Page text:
Well, first, don’t get intimidated by the title. This article is not about minimalism. No, we’re not even there…yet. we can start up by talking about slowing down what we over-consume, shall we?
But first, what is overconsumption?
Simply put, overconsumption occurs when the use of certain substances/resources exceeds its sustainability capacity. Overconsumption is pretty much linked to materialism.
But they are totally different concepts. One way to explain materialism is when physical possessions overweigh other values. When you consider being above everything, it paves the way for overconsumption.
Yes, I know what you might be thinking now. “But I’m not that person”. Unfortunately, we all are (unconsciously sometimes). So, why do we tend to over-consume? The reasons are endless but here are my personal thoughts about it.
Why We Over-Consume?
We tend to over-consume mainly because we subconsciously (and let’s be honest consciously too!) realize that there is “plenty” of what we have. Plenty of water, plenty of food, plenty of money, etc. But here’s the thing; Our planet isn’t plenty. Earth was created with renewable resources that if used wisely, will remain sustainable, but with us constantly over-consuming and over-exhausting these resources, not to mention interfering with how nature works, they won’t. Now, one may argue: ”Oh, but that’s not what I do!”. Well, to prove you that it’s exactly what you do, let’s take an example that happens to us all. Observe your behavior when there’s a water supply cut. You deal with water as if it’s liquid gold. You’re afraid to waste a drop when you’re washing your hands or cooking. And although you know that the water will be back in a few hours, you tend to be very careful with the water that you have. Now, observe your regular day-to-day water usage? Big difference, right?
But Who’s the Real Villain Here?
On the other hand, marketing companies and their strategies get the award for making people buy more than they’d actually use. To the extent that sometimes they buy more even if they know they won’t use all of it. With fast food chains, they convince you that when you buy the large combo, that includes a huge cup of coke (huge, more than any normal person can actually drink) and a large fries that come with a really big sandwich is better for you, because you get to save money. What? Yes, why get the small one, when you can pay a few extra pounds and get the LARGE one. The one you know that you won’t even consume half of, but yeah, let’s save!
Well, that was one example, not to mention the advertising strategies and techniques that make you feel that you “crucially need” some product when you’ve been living for years without it and you most definitely can survive without it.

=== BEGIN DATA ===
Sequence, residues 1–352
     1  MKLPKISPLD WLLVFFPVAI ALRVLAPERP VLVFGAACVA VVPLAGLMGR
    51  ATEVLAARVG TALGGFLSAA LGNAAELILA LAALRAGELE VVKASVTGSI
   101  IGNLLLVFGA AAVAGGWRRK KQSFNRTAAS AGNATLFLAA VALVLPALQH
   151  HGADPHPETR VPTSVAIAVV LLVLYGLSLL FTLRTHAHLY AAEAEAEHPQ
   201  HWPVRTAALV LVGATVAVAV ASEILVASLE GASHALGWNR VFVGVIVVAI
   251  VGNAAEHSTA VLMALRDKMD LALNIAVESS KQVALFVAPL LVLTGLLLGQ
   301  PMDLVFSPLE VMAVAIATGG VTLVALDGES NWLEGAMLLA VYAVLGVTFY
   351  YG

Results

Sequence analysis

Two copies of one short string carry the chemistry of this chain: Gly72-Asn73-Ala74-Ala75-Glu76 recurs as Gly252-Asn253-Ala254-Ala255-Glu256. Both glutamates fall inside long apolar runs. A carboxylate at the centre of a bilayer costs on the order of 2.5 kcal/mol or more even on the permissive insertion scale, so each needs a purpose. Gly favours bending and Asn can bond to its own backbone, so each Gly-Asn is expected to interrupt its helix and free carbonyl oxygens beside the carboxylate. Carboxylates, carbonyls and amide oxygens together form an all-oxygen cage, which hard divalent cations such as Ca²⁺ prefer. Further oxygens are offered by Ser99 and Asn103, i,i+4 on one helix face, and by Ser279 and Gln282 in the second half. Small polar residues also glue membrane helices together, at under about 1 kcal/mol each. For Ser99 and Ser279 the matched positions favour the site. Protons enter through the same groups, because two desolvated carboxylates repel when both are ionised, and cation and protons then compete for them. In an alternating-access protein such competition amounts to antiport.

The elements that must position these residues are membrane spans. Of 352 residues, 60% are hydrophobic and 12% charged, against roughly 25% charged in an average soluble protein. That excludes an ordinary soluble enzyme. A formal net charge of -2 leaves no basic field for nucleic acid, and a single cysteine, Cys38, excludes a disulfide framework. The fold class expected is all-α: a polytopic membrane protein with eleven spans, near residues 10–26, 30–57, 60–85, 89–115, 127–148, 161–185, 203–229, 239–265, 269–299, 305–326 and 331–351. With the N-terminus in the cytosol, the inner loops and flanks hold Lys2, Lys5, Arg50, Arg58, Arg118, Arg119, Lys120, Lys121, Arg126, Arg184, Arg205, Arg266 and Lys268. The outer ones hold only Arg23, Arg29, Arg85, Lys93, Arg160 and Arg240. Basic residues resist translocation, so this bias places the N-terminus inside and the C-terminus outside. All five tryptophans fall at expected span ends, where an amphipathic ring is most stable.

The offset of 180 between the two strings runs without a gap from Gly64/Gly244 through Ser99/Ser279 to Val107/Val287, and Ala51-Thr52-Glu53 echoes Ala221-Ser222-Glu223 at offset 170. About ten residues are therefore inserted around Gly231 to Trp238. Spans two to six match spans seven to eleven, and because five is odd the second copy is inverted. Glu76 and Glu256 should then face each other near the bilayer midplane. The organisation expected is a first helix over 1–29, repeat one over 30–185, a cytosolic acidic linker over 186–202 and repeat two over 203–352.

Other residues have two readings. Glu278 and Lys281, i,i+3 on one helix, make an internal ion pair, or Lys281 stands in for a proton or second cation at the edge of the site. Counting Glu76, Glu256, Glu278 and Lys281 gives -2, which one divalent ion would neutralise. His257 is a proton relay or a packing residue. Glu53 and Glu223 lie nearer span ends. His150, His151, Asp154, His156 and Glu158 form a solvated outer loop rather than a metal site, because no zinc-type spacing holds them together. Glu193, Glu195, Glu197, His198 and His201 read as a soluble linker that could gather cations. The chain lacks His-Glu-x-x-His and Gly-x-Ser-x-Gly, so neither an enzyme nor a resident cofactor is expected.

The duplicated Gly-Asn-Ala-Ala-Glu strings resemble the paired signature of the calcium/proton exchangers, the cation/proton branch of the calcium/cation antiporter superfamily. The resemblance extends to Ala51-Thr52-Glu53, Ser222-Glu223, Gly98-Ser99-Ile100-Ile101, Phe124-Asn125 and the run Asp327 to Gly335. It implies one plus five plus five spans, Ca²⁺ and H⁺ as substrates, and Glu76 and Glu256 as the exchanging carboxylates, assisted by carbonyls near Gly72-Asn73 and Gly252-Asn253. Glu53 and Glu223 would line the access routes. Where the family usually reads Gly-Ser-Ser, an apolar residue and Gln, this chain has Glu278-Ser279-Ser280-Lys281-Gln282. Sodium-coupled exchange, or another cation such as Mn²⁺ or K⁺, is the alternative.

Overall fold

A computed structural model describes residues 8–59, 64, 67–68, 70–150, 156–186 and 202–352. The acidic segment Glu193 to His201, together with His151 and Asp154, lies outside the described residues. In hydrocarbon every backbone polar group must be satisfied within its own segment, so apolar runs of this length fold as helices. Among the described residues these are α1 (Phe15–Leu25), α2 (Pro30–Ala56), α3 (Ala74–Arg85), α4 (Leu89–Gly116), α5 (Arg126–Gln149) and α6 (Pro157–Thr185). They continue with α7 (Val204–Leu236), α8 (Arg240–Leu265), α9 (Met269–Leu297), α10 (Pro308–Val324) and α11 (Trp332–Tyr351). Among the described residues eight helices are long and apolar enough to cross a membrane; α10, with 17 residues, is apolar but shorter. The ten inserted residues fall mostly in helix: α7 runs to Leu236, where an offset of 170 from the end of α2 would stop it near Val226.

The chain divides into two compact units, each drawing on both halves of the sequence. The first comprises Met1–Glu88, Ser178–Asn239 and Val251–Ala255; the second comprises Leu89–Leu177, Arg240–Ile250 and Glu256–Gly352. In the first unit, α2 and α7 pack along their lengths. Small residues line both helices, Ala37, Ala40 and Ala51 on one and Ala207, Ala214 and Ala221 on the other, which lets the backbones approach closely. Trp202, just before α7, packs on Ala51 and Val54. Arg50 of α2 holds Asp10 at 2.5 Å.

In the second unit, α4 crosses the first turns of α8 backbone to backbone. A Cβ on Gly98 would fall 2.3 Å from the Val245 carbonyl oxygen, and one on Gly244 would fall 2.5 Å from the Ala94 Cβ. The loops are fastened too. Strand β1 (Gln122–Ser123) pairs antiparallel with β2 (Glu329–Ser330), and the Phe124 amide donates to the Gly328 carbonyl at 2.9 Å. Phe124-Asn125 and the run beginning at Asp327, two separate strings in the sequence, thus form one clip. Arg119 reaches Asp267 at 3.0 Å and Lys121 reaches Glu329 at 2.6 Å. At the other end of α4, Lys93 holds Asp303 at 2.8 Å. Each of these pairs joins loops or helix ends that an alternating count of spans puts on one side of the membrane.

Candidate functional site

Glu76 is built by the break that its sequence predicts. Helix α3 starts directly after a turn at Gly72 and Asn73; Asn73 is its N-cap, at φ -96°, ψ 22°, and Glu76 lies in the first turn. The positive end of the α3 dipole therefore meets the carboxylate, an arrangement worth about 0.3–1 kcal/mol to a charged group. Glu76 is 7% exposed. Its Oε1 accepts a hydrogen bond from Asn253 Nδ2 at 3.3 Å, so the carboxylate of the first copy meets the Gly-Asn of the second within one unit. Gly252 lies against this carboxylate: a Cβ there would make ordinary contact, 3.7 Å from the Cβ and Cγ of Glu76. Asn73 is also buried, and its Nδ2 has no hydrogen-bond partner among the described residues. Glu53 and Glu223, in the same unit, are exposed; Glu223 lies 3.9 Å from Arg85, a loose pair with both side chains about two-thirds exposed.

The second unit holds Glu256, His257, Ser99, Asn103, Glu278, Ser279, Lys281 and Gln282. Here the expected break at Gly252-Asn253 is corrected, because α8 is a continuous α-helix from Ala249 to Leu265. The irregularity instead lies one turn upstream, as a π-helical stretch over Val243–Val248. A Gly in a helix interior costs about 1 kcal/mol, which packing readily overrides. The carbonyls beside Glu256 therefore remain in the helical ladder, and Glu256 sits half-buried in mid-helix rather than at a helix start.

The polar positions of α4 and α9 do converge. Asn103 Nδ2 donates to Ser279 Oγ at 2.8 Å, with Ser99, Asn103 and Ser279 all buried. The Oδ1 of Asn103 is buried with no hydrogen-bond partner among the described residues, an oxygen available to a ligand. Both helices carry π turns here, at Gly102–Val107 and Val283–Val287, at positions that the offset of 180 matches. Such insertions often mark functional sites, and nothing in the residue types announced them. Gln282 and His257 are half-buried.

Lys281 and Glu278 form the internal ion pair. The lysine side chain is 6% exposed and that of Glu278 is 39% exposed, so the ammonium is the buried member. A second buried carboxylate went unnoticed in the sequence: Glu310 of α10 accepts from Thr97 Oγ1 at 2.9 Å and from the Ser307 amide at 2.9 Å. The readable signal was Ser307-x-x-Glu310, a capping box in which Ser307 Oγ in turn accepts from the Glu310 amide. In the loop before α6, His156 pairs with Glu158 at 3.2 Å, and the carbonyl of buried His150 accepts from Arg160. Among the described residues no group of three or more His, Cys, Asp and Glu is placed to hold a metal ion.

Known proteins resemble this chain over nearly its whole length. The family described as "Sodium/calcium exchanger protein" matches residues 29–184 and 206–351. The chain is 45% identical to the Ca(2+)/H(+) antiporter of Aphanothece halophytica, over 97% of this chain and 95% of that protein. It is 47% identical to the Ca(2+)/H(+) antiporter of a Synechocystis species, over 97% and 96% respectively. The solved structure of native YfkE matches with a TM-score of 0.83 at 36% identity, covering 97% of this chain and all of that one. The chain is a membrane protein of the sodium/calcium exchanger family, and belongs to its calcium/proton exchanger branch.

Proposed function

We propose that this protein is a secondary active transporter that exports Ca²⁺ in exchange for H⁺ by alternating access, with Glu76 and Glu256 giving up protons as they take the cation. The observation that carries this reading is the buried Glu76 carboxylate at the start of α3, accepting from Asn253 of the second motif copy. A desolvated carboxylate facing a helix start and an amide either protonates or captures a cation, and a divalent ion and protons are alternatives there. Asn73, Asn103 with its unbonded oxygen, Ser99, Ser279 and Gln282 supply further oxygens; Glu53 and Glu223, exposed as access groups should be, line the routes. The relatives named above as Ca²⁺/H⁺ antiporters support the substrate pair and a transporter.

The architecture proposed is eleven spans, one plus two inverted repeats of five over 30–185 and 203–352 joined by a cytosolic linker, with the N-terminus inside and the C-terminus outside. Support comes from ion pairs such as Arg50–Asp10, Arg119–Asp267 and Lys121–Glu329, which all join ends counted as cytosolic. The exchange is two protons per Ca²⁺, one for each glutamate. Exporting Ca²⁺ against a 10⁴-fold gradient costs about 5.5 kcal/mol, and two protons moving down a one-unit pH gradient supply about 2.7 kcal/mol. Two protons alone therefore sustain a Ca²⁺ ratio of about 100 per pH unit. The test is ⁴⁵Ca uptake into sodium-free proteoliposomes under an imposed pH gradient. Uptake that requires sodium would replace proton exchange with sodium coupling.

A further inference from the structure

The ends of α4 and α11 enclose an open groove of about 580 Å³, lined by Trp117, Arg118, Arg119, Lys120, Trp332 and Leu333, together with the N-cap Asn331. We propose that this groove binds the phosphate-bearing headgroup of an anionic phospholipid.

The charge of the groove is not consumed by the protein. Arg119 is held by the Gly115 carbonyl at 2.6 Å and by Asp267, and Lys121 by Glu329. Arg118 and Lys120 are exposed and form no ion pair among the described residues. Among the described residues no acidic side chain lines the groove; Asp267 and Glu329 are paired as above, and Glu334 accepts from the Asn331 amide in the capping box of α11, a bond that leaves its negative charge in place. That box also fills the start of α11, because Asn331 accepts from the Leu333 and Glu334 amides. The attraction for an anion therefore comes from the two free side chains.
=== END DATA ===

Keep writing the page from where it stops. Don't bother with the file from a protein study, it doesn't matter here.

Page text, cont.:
On a side note though, they’re not the one to blame. “You” buy after all!
The Emotional Factor
My last theory regarding why we over-consume is that we often fill emotional holes inside us with material things. This happens because of the increasing value of material things (and money) and the lack of proper emotional nutrition, that’s needed for us all, no matter what one’s age is. And that way materialism and overconsumption penetrate. We promote for it every day, as a form of “love”; pamper yourself. So you buy that bag that you’ve been eyeing, reward your son when he gets good grades, buy him that toy, show appreciation to your partner, buy them that ridiculously expensive wallet. But what happened to reading a book or watching a movie? Spending quality time with your kid? Mindfully talking to your partner? Where have “thank you”, “I love you” and “I’m grateful for having you” been lost? I’m definitely not saying buying your loved ones gifts isn’t important, because it is. I’m only referring to the fact that we started to have this tendency to requite emotional fulfillment with material things. And that shouldn’t be normalized.
I’m not going to get into the effects of overconsumption on the environment, because that’s a whole other story. I’ll just have to mention that we are draining our environment and ourselves. And I also have to say that with our current pattern of consumption, we’ll never be able to bear the consequences of our actions, in the near future.
So, here’s the most important part: How do you Get Out of that Trap?
The key here is to become more conscious and gradually change your mindset, and that might be through:
- Understanding that there is a scarcity of resources and not think that they’re unlimited. Remember the water cut situation. Always.
- Being mindful. Think more before eating, using and most importantly buying.
- Starting to give more attention to other non-material things and finding their value; family, friends, bonds, honesty, happiness, and all the other meaningful things out there that are priceless.
- Knowing that marketers study psychology to know how to get you to buy unnecessary items and have you believe it’s a life necessity. They want you to buy more. The more they make you buy, the richer their companies, and the more they earn. You should be smart enough not to fall for that.
- Being a little old-fashioned. Your great-grandparents survived without ¼ what you have and they were definitely happier than you are now.
- Getting to know yourself better. By this point, you’ll learn what you really need and what’s your normal consumption capacity.
And… be gentle (that one goes without saying).